Everything you wanted to know about LEDs but were afraid to ask

October 20, 2014, 12:00 PM UTC
A young woman fitting the latest in light bulbs from General Electric, the 'Celeste', circa 1955. (Photo by Pictorial Parade/Hulton Archive/Getty Images)

The Nobel Prize in Physics just awarded to Isamu Akasaki, Hiroshi Amano, and Shuji Nakamura for their work on blue light emitting diodes—LEDs—reveals the extent to which lighting technology has changed over the just the last four decades. Since the energy crises of the 1970s, researchers have introduced many more efficient light sources, but now all are being replaced thanks in large part to the work of these new Nobel Laureates.

The pace at which LEDs have come to dominate the market surprised people inside and outside the lighting profession. When we at the Smithsonian’s National Museum of American History revamped our Lighting A Revolution exhibition in 2000, we left out LEDs because we lacked gallery space and items to display. Little did we realize that most lighting technologies we explored in that exhibition, like tungsten halogen and compact fluorescent lamps, were about to become obsolete.

Only a century ago, people accustomed to trimming candles, cleaning kerosene lamps, and smelling the odor of gas jets gazed in awe at the steady glow of incandescent lamps developed by Thomas Edison and his contemporaries in the 1880s and 90s. By the 1930s industrialized nations were awash in light. As one illumination engineer later noted, incandescent lamps were the perfect light source, except for one little problem: poor energy efficiency.

The search for improved energy efficiency has influenced the story of every lighting development since — discharge lighting that used an enclosed gas or vaporized metal to produce usable amounts of light, fluorescent tubes, compact fluorescent lamps.

Americans have been slow to replace their incandescent bulbs. There seemed little alternative for small, energy-efficient lamps until the Nobel Laureates’ breakthroughs in LEDs.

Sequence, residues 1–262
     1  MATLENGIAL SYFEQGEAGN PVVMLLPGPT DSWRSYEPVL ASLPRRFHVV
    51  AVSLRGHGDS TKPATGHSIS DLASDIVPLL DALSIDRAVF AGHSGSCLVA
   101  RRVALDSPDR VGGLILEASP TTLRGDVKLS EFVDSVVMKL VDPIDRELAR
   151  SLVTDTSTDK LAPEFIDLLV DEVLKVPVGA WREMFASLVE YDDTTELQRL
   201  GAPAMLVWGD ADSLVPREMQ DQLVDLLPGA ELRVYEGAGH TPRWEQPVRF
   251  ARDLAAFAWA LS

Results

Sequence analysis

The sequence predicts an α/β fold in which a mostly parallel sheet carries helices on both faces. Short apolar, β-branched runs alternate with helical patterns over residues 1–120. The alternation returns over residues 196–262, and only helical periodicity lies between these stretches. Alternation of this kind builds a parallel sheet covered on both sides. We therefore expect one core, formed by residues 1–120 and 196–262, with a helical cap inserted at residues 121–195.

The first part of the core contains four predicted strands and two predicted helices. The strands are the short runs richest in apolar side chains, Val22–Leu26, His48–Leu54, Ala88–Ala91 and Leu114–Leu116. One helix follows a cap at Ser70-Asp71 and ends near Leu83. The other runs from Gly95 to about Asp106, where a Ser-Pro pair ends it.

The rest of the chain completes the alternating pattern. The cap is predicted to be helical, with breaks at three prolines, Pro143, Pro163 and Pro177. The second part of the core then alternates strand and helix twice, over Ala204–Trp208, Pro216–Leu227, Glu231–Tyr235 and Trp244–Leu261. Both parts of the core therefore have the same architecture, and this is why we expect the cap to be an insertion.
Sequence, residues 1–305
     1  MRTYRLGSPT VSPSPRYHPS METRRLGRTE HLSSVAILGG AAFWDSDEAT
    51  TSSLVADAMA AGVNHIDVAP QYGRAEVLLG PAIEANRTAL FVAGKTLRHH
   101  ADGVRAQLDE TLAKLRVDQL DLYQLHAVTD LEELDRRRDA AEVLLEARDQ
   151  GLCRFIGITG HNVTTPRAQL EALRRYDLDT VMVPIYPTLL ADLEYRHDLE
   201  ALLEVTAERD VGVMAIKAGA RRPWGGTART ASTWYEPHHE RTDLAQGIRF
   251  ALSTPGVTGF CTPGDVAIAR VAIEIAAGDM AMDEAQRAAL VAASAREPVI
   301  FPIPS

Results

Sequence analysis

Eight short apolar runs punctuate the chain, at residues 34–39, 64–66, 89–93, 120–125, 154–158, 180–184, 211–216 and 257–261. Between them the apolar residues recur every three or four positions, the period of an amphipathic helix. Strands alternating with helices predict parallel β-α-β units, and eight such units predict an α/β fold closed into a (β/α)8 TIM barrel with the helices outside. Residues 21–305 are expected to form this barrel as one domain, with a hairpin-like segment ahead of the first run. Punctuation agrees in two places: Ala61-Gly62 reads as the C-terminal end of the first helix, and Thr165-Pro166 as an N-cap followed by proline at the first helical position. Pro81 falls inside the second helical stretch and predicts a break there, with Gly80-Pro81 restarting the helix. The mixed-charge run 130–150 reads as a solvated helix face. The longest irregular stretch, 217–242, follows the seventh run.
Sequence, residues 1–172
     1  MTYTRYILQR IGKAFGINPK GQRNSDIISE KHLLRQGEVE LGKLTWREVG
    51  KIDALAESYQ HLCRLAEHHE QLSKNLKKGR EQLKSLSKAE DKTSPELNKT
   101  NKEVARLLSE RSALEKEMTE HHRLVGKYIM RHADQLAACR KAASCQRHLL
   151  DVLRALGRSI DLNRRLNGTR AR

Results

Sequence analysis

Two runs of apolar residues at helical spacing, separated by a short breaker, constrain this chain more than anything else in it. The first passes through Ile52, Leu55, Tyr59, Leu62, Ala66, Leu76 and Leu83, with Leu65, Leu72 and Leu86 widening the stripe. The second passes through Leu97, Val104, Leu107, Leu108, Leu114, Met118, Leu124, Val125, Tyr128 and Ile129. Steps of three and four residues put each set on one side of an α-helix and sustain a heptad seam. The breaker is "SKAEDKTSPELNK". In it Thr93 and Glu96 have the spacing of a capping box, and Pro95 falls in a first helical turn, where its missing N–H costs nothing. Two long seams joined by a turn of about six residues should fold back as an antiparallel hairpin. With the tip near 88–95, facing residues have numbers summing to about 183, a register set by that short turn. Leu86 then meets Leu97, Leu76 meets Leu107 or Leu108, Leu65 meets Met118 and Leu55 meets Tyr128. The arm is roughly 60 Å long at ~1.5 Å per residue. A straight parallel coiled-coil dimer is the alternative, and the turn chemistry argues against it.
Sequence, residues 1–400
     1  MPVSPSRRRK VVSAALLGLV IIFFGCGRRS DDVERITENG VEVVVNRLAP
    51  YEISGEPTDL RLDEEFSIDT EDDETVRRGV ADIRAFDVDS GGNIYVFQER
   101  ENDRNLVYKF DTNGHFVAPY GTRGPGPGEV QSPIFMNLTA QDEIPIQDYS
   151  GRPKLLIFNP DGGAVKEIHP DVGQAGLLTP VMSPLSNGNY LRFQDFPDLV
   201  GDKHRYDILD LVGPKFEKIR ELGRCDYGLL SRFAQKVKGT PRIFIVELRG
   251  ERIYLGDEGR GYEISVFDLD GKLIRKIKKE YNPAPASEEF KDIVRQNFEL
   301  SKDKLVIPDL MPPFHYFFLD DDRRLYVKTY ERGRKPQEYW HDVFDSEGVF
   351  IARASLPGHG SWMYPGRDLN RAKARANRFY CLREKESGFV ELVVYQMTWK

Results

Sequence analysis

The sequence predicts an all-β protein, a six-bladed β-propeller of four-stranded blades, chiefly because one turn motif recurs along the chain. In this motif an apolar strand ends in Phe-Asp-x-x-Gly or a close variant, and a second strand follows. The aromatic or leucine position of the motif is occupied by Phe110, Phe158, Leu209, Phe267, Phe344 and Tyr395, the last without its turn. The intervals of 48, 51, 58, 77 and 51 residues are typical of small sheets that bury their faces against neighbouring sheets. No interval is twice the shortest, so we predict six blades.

Historians are still sorting out exactly who contributed what and when, but the published literature shows that in 1962, Robert Rediker at the Massachusetts Institute of Technology demonstrated LEDs that glowed in the infrared range, and Nick Holonyak at General Electric (“GE”) demonstrated red LEDs. Over the following 30 years, LEDs found a niche market as indicator lamps on circuit boards and for displays on digital clocks.

Creating white light from LEDs remained a problem because it required a combination of red, green, and blue. And no one was able to create the first bright blue LED until Nakamura demonstrated one in 1993, building on work by Akasaki and Amano from the mid-1970s to late 80s. These breakthroughs have made LEDs ubiquitous—now they appear in traffic signals, hallway exit signs, table lamps, computer screens, and cellphone flashlights. Most importantly, LEDs’ energy efficiency continues to rise while costs for manufacturing, materials, distribution, and design begin to fall.

At a lighting trade show in Baltimore last month sponsored by the Illuminating Engineering Society, I learned that energy efficiency for LEDs has improved to around 140 lumens (a measure of light output) per watt. Experimental lamps giving 300 lumens per watt have been demonstrated in the lab. At best, incandescent lamps give about 30 lumens per watt and compact fluorescents about 90, while improved discharge lamps give around 130.

Anyone who recalls the blackout during the 2013 Super Bowl will be pleased to learn that manufacturers are working on LEDs suitable for use in large sports stadiums. The long interruption in that game came in part from the fact that the metal halide lamps being used to light the field had to cool off before they would relight. There are versions of these lamps that can restrike almost instantly, but they are very expensive and need special installations to operate. LEDs use a different physics. Because they cost much less per unit, they’re also much more economical for giant displays.

Since Edison’s day, every time a novel light source was unveiled, commentators declared that the end of his incandescent lamp was at hand. This has never turned out to be the case in the past—but we may now actually witness that declaration coming to pass. I expect we’ll be seeing more and more applications for LEDs, especially since they’re already being integrated into smart environmental systems in buildings and homes. Long life spans, already 10 years and better, may mean that changing light bulbs becomes a once-in-a-lifetime experience—or a job for an electrician.

Hal Wallace is curator of the electricity collections at the Smithsonian National Museum of American History. He is the author of Wallops Station and the Creation of an American Space Program. He wrote this for Zocalo Public Square.